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Tony Molina Previews ‘Songs From San Mateo’

In Music
LESS IS MORE: Tony Molina’s new rarities collection is short and sweet.

LESS IS MORE: Tony Molina’s new rarities collection is short and sweet.

To understand the music of Tony Molina, we should first talk about bonsai.

Bonsai, as an art, proceeds through cuts. The goal: to take something natural (a tree), and trim it down until all that remains is the truth. Unlike miniature dog breeds, bonsai trees are not genetically small. Any seed could grow a bonsai. To get there, it takes an artistic eye, and more than a few snips of the shears.

For the better part of a decade now, Peninsula musician Tony Molina has been crafting what could conceivably be called bonsai rock. Like bonsai, Molina’s art proceeds through cuts. A Molina song might have the catchiest melody you’ve heard in years and end in less than a minute. Choruses stick out like a lone branch hanging in the wind, never to repeat. While certain melodic phrases might sound like something you’ve heard before (Weezer, Dinosaur Jr.), the end result is always strikingly its own.

This week, Molina releases Songs From San Mateo via Oakland label Smoking Room. It is his first collection of B-sides. In making these songs public, Molina has pulled the leaves back a bit, revealing a further part of his pruning process—not just what parts of songs to cut, but what songs themselves were left off of albums like Dissed and Dismissed (2013) and Kill the Lights (2018).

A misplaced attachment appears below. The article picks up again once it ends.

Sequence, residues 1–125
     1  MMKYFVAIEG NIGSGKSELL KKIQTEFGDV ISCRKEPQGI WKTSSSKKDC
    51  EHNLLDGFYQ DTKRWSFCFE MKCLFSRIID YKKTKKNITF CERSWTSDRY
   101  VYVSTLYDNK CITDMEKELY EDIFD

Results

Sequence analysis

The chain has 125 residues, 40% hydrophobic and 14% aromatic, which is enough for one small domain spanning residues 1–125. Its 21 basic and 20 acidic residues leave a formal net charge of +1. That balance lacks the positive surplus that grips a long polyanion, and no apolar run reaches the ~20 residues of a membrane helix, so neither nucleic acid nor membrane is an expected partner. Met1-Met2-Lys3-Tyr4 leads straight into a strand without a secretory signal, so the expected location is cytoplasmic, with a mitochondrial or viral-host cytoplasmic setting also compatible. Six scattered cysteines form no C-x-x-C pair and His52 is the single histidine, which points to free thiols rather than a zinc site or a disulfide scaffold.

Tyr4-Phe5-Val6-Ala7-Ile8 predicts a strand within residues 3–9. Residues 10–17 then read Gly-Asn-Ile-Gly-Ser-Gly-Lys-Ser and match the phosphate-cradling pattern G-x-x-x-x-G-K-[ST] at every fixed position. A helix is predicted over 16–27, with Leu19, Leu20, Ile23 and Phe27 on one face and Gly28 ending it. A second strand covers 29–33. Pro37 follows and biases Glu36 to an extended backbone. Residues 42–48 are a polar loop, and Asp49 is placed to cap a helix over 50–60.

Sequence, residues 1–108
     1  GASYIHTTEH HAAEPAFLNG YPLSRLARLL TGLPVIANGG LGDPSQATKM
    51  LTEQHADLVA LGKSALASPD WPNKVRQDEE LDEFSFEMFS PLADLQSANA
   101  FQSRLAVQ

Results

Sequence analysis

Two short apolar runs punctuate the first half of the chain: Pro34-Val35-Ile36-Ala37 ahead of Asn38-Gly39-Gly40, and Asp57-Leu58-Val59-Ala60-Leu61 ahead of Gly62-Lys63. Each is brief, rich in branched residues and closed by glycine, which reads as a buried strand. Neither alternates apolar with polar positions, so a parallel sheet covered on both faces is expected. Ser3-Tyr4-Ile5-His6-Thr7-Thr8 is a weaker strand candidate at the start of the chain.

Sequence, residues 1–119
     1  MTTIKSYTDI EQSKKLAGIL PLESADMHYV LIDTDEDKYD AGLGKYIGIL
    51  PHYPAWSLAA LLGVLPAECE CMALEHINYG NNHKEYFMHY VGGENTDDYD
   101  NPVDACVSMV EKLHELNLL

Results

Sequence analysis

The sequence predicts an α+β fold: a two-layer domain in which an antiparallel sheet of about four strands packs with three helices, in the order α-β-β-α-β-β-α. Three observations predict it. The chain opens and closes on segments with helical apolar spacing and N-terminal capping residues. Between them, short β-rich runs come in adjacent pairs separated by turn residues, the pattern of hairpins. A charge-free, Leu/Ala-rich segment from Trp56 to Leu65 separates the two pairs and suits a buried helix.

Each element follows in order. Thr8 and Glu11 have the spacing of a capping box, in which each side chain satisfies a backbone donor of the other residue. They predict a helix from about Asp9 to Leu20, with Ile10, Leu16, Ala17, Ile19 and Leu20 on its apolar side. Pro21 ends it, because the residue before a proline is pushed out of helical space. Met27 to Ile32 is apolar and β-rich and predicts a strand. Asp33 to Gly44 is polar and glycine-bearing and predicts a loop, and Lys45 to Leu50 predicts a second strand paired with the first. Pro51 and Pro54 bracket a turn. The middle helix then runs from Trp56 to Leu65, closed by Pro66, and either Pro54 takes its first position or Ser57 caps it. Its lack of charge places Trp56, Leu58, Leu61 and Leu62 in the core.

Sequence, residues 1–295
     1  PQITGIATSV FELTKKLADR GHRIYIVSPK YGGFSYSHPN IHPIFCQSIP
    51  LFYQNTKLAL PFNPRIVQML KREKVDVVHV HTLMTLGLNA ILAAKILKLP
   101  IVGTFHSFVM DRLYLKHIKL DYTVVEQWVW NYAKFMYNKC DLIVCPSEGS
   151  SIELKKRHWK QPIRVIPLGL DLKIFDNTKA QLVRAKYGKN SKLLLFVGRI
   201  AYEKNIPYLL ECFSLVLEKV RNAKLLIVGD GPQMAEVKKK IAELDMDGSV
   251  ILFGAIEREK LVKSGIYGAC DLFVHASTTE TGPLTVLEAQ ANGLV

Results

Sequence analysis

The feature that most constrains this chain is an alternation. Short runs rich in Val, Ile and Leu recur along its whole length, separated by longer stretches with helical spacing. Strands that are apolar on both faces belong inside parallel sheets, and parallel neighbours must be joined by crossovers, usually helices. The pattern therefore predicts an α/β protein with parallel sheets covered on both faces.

In classic Molina style, Songs From San Mateo is brief. Its 14 tracks barely take up 15 minutes. The longest song, “I’m Not Down” (a perfect example of the “Weezer + Dinosaur Jr.” format) doesn’t even crack two minutes. The shortest (“Intro”) is 14 seconds. Fourth track “Can’t Find My Way,” an immediate highlight, is a 48-second tour through Molina’s entire discography. Tracing a melody similar to last year’s “Jasper’s Theme,” “Can’t Find My Way” ditches the Dylan-esque keyboards and acoustics for the thick fuzz of power chords, exploding at its end into a guitar solo that’s something like Kirk Hammett channeling Andres Segovia. It sort of sounds like a bunch of Tony Molina songs pasted together and then chopped in half. But, then again, so does every Tony Molina song.

“Can’t Find My Way” is followed by “Don’t See the Point,” which similarly caps two verses with a guitar solo, then pulls the plug. Compared to those two songs, “I’m Not Down” is like a rock opera. It even has a full on intro-verse-chorus-bridge structure. Still, a full fourth of the song is dedicated to Molina’s fretwork, as a bridge carries it from the last chorus to another explosive guitar solo.

One of the few clear Kill the Lights outtakes to appear on Songs From San Mateo is “Word Around Town.” With its acoustics and humming organ, it could have easily fit beside the autumnal ennui of songs like “Wrong Town,” or “Give He Take You.” Likewise for the acoustic “Don’t See Me Now,” with its bonsai take on Simon and Garfunkel. The decision to cut these two is especially curious considering Kill the Lights’ 14-minute runtime. Would two more minutes have hurt? Obviously, Molina thought as much, and who are we to say that he was wrong? His trees have grown nicely.

As with every Molina record, the secret star is the production work of Jack Shirley. Over the past decade, the monk-like Shirley has established himself as the Bay Area’s Steve Albini, capturing bands as they sound without getting in the way. Acoustics are lush, pick strokes blend with the natural resonance of the wood, and when things get loud, they get loud.

For those who miss the early Tony—the fuzz-and-feedback days—back when everything sounded kinda like “Only in Dreams,” Songs From San Mateo has what you’re looking for. And along the way, you get a glimpse into an artist’s method—the limbs and leaves which, once cut, reveal the truth.

Songs From San Mateo
Tony Molina
Out Jul 19

 

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